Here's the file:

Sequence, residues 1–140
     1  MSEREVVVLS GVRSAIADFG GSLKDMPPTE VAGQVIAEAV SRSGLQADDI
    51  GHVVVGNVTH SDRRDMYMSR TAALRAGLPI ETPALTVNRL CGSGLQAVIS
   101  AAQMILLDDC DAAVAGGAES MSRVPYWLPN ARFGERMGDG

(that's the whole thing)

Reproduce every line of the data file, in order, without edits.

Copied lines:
Sequence, residues 1–140
     1  MSEREVVVLS GVRSAIADFG GSLKDMPPTE VAGQVIAEAV SRSGLQADDI
    51  GHVVVGNVTH SDRRDMYMSR TAALRAGLPI ETPALTVNRL CGSGLQAVIS
   101  AAQMILLDDC DAAVAGGAES MSRVPYWLPN ARFGERMGDG